What is RSV (Respiratory Syncytial Virus)?
- RSV (Respiratory Syncytial Virus) is a common respiratory virus that usually causes mild, coldlike symptoms. However, it can be dangerous for infants and children with high-risk conditions.
How does RSV spread?
- RSV spreads from person to person like a cold virus, through contact with saliva, mucus or nasal discharge. It is the most common reason for hospitalization in children less than 1 year of age. Symptoms of RSV in babies can be variable.
What are the symptoms of RSV?
- Usually, RSV results in an upper respiratory tract infection with fever, cough, and congestion. Sometimes, the virus infects the lower respiratory tract and causes fast breathing, belly breathing, and wheezing. Typically RSV symptoms are at their worst about 3-5 days into the illness.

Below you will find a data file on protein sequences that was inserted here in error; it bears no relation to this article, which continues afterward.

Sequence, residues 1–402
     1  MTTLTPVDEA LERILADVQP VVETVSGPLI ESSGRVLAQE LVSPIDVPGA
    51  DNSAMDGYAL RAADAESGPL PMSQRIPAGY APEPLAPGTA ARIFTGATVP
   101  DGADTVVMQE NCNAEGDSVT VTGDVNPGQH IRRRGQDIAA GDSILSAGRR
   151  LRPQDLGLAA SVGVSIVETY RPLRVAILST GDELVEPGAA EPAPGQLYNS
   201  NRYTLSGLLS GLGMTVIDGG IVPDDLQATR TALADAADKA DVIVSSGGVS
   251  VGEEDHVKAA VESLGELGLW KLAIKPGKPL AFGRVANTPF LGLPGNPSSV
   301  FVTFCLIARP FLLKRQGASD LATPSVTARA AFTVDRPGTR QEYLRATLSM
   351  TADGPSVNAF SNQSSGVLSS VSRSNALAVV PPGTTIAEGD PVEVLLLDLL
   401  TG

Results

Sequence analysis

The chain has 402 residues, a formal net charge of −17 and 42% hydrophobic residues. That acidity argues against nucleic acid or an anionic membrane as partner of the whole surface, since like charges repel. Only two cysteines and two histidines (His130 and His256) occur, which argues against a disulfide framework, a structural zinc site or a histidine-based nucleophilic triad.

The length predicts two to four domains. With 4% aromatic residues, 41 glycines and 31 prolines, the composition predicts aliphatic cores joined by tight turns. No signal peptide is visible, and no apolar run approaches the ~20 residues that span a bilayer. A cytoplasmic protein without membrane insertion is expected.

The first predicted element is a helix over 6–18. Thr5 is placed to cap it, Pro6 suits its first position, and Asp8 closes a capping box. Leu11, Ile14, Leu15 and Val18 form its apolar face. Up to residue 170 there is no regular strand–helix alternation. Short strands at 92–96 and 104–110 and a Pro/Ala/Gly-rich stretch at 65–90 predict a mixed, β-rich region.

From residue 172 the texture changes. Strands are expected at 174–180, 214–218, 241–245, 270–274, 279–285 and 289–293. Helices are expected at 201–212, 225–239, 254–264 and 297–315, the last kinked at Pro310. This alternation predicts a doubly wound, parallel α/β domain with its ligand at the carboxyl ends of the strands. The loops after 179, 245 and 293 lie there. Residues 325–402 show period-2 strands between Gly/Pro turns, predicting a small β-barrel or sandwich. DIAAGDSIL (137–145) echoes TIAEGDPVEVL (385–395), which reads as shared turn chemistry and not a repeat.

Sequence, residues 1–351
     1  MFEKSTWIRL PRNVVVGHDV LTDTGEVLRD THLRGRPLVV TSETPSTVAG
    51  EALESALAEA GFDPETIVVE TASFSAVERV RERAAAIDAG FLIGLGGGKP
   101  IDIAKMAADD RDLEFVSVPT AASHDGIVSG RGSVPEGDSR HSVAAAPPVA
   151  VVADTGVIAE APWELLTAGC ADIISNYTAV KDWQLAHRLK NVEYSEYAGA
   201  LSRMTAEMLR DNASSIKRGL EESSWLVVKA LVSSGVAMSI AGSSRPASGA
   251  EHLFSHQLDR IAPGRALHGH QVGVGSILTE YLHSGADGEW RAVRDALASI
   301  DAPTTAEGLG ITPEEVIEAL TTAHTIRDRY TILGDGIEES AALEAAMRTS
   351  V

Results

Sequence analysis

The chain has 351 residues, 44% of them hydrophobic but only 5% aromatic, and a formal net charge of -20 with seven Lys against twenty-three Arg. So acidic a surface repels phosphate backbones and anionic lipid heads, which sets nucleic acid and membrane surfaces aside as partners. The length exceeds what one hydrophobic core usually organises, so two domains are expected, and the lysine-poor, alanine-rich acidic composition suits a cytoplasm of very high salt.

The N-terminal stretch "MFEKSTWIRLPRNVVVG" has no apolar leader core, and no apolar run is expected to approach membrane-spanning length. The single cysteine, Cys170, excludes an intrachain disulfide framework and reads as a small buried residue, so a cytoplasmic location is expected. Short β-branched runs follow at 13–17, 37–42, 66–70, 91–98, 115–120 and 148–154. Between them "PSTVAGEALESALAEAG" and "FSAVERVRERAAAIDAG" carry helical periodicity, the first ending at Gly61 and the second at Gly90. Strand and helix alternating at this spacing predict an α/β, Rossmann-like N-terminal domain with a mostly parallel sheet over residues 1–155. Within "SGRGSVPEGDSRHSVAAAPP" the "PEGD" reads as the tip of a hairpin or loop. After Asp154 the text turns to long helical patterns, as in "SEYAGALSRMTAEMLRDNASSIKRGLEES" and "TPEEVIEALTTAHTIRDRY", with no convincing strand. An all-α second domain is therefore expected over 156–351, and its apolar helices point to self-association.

How can I protect my child from RSV?
- According to the CDC, administration reduces the risk of severe RSV disease by about 80%.
- This winter season, there is a new injection called nirsevimab or Beyfortus to help prevent severe illness from RSV. Nirsevimab is a monoclonal antibody which provides passive immunity against RSV for about 5 months.
- Children with high-risk conditions and infants aged 6 months and under are prioritized for administration.
Does HMG offer the RSV antibody?
Yes. HMG Pediatric offices in Kingsport, Bristol, and Abingdon have limited amounts of the RSV antibody currently available. Children with high-risk conditions and infants aged 6 months and under are prioritized for administration. According to the CDC, administration reduces the risk of severe RSV disease by about 80%.
Please contact your HMG Pediatric office for more information about the RSV antibody or to schedule an appointment for administration.